Kong: Skull Island is a 2017 American monster film directed by Jordan Vogt-Roberts and written by Dan Gilroy, Max Borenstein and Derek Connolly, from a story by John Gatins. The film is a reboot of the King Kong franchise and serves as the second film in Legendary’s MonsterVerse. Director Vogt-Roberts stated that he wanted Kong to look simple and iconic enough that a third grader could draw him, and the image would still be recognizable. Vogt-Roberts also wanted Kong to feel like a “lonely God, he was a morose figure, lumbering around this island,” and took the design back to the 1933 incarnation, where Kong was presented as a “bipedal creature that walks in an upright position.”
Nowadays, when we see giant creatures stomping across our screens, it goes without saying that there’s some nifty computer graphics behind the action. And that’s certainly the case in Jordan Vogt-Roberts’ Kong: Skull Island, which features incredible visual effects from Industrial Light & Magic. You can track the history of visual effects through the 80+ years of King Kong movies; creating the massive ape has often pushed the limits of VFX and been the inspiration for new techniques and technologies.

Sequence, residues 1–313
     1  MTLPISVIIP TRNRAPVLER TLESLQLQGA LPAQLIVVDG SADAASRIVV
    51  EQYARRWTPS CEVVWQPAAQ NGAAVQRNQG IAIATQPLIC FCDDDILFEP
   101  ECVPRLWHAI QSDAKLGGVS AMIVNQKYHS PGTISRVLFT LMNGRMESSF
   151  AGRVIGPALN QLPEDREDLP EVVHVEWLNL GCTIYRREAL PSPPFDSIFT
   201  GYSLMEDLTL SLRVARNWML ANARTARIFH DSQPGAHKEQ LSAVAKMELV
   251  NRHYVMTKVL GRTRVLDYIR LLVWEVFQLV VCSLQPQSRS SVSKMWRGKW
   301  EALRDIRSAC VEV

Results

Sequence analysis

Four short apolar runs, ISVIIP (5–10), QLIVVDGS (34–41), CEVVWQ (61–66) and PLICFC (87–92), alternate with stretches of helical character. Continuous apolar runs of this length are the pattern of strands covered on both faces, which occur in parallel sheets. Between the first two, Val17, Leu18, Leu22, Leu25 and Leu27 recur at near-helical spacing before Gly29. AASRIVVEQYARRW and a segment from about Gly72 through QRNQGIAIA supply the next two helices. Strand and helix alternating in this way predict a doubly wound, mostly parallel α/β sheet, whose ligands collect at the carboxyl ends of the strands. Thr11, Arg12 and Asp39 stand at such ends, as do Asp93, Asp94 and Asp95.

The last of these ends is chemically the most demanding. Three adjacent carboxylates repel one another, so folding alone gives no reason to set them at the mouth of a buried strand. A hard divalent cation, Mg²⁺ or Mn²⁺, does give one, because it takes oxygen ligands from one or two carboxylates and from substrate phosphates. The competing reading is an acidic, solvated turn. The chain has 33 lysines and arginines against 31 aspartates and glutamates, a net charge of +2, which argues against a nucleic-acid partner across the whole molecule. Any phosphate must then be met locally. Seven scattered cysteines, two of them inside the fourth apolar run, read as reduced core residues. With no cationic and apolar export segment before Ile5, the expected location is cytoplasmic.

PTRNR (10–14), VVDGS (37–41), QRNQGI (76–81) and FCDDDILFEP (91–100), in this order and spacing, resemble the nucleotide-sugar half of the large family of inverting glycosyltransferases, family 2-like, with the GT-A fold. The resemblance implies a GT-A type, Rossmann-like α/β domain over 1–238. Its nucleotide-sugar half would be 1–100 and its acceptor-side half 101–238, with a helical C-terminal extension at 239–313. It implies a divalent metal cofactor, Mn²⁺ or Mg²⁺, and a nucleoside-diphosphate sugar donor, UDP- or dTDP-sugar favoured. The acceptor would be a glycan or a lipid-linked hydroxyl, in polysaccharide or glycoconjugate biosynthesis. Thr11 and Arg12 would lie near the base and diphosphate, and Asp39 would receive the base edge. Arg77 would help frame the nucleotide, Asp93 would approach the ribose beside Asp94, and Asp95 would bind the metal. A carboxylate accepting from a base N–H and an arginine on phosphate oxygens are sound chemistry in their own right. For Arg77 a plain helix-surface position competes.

In the 2005 film, the advent of motion capture and digital visual effects sufficient enough to create a physically plausible King Kong paved the way for just about all future creature features, especially those involving apes. One of Weta Digital’s principal challenges, apart from ensuring Serkis’s performance came through in their digital Kong, was implementing a photo-real fur system.
The latest installment in the franchise, Kong: Skull Island, directed by Jordan Vogt-Roberts and in theaters March 10, features the largest, most realistic Kong yet. Created by visual effects house Industrial Light & Magic, he stands at a towering 100 feet and wears a coat of 19 million digital hairs. As visual effects supervisor Jeff White tells TIME, this Kong is remarkable not just for his scale but for the way he interacts with his environment: the insects buzzing around his head, the mud caked into his fur, the way his hand splashes through water.
VFX for films is completely evident in this edition of Kong that makes us amply clear on the concept of use of special effects to change the face of the entire film. If you wish to learn the art of manipulating images and scenes on the screen then sign up for a VFX course in Kolkata and get a job in the visual effects department for your bright future.